Apollo Run – Stars – Official Video

One more video, of a live performance at Rockwood 2, of the song where John plays the trumpet in the middle. Good shots of each of them, so you can get a sense of the experience, specifically at Rockwood 2:

Apollo Run – Fireman – Live at Rockwood Music Hall Stage 2

They closed the show by jumping off the stage and going into the heart of the crowd. They sang “All in Good Time”, a cappella, a gospel revival type song. The crowd joined in the clapping and foot stomping in a big way, producing a huge sound.

AllInGoodTimeInTheCrowd

Here’s a tiny clip (part of their promo for their second EP, released last year). It will give you a good idea of what All in Good Time felt/sounded like last night. I tried to queue it up to the 1 minute 47 second mark, where that part starts. I couldn’t get it to work for this embedded video, so feel free to skip to 1m47s:

Promo for Here Be Dragons Vol II by Apollo Run

On the home page of their site (first link in this post), you can exchange your email for a free download of City Lights, which you can also stream on the left side first. It’s beautiful.

So, this was all pretty awesome stuff, how is it even possible that you didn’t like the set, Hadar?

We’ll get to that in one second (so please tune out if you only wanted to read glowing stuff about Apollo Run).

Here’s the set list:

SetList

The bad:

While everything I said above was evident last night, the glowing descriptions come more from my listening to them all morning, both on their site and on John’s site (where it starts streaming the minute you click on it, which isn’t so cool, but the music is!).

Last night, rather than enjoying the sound, I felt assaulted by the sound. Three things caused that, all cumulative (making it worse):

1) The volume was cranked up way too high. It was balanced to some extent, so it wasn’t just one piercing thing, but it ended up washing out the otherwise extraordinary vocals. In fact, hearing lyrics (for someone unfamiliar with their songs) was nearly impossible. All of the recordings I listened to today were clean, even when they were infused with the same energy that last night was meant to deliver. I’m a drum fanatic (freak is a more accurate description), but even though Graham is fantastic (on every level), the drums were way too loud last night.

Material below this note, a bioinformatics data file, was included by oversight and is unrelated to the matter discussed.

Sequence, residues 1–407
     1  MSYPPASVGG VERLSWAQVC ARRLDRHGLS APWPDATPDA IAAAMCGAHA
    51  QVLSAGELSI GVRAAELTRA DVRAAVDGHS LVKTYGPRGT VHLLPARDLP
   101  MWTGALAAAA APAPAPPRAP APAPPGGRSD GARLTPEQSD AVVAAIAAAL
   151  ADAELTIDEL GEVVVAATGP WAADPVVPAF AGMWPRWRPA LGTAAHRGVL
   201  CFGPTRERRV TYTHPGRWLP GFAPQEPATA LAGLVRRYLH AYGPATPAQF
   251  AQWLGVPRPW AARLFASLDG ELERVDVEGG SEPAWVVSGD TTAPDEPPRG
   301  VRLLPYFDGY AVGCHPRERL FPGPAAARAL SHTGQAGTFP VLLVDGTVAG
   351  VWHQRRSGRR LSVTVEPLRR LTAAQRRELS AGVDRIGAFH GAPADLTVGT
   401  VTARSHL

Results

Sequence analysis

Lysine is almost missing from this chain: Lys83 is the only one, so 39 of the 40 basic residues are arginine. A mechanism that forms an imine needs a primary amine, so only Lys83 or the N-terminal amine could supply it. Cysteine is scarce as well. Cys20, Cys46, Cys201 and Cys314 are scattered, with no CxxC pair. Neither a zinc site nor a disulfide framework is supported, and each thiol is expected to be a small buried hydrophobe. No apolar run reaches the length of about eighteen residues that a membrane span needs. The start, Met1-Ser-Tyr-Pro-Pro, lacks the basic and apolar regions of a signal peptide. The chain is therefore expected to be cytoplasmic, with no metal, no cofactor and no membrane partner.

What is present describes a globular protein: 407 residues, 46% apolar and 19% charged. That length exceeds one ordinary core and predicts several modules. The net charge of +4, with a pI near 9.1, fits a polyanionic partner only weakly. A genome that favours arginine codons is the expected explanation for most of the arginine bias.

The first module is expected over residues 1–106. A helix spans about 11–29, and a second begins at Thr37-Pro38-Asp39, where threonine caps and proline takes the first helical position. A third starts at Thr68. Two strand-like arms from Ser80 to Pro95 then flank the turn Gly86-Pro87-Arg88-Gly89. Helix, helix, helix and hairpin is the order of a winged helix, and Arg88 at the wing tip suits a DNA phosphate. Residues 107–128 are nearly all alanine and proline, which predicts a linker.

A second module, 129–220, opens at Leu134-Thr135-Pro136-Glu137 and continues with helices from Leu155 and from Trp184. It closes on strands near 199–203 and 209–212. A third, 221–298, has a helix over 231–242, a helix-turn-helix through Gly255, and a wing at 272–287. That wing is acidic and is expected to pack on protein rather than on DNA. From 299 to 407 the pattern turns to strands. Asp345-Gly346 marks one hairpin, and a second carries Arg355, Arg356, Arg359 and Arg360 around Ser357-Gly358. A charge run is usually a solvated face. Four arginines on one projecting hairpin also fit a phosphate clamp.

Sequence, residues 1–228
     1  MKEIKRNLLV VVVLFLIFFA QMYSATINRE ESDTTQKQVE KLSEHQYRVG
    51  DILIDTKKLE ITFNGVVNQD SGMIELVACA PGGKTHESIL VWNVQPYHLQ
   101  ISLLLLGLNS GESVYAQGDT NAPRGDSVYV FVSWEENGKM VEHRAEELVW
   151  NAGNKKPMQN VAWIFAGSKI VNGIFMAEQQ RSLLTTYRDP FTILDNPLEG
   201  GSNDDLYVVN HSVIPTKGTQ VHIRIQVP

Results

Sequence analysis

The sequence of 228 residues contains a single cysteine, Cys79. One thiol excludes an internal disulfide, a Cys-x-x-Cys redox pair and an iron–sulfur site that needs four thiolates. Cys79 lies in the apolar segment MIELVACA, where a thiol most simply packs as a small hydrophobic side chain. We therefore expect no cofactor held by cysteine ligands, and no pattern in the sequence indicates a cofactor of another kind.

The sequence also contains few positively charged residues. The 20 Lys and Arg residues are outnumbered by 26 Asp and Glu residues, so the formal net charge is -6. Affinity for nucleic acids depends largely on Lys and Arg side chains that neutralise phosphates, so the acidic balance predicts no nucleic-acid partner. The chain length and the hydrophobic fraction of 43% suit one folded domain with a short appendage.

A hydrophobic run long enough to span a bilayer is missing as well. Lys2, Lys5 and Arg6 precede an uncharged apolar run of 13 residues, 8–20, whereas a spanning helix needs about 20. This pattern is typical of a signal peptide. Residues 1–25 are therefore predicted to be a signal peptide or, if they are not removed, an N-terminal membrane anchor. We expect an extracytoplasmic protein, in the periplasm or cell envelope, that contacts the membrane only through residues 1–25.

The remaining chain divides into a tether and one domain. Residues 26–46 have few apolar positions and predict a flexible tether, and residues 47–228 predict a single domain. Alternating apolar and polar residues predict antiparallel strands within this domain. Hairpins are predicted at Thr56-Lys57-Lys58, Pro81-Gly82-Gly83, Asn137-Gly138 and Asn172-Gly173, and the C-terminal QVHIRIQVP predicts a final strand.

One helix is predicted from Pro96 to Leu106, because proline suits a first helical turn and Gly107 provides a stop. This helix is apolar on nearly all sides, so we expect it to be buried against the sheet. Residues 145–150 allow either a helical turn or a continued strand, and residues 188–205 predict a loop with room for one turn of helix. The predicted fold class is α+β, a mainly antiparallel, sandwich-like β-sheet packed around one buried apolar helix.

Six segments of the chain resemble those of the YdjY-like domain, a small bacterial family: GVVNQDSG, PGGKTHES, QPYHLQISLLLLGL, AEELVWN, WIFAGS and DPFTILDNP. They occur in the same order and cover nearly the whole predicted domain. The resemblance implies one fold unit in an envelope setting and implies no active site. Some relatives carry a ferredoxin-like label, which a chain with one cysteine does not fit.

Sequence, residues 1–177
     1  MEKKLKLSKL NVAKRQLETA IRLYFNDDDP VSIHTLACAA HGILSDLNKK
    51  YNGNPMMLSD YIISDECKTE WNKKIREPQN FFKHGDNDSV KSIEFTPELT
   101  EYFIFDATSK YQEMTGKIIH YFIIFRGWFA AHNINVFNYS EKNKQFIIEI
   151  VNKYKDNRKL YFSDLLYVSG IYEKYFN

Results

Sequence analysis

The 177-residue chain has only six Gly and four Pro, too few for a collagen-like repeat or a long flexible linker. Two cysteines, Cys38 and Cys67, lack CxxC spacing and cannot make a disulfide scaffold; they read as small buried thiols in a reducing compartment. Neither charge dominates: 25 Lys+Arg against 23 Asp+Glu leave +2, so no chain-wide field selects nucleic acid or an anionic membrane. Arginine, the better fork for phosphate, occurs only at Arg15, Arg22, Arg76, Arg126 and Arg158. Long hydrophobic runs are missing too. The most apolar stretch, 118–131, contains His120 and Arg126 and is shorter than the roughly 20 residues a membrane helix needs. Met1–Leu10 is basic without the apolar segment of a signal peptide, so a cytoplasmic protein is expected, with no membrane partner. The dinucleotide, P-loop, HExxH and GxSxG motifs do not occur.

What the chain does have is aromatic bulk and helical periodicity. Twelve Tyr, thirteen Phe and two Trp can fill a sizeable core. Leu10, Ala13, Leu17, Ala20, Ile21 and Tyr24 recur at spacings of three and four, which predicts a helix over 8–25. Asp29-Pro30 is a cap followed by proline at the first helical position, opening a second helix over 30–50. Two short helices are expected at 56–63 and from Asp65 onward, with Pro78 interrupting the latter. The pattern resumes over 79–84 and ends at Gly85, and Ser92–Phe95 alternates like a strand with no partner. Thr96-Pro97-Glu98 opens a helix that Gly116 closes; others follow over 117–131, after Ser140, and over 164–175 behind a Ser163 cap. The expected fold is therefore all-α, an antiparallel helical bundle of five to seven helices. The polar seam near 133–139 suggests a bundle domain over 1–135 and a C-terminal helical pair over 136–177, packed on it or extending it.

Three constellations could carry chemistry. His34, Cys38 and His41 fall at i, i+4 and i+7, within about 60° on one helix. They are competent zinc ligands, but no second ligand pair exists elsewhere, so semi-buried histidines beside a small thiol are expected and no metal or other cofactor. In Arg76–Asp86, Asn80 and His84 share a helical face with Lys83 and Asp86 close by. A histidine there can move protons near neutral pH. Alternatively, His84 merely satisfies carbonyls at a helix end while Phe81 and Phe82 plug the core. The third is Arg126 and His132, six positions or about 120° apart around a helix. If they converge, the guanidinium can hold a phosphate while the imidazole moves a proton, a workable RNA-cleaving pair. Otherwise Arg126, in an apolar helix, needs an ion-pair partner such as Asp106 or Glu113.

2) As amazing as Jeff is on the bass (truly), he turned on a bunch of effects throughout the set. At times he sounded like an organ, at others like a fuzz box. I guess there’s music where that would enhance the sound/mood, but to me, it was a huge distraction, especially at the volume he was playing (see above).

3) Because of the volume, the vocals felt like they were being screamed at me, even though they hit every note, cleanly. I’m not sure I can explain it well, but essentially, the vocals should feel somewhat louder than the instruments (for such a harmony-driven group), without feeling that they are too loud, or that the singers are working too hard to overcome the instruments.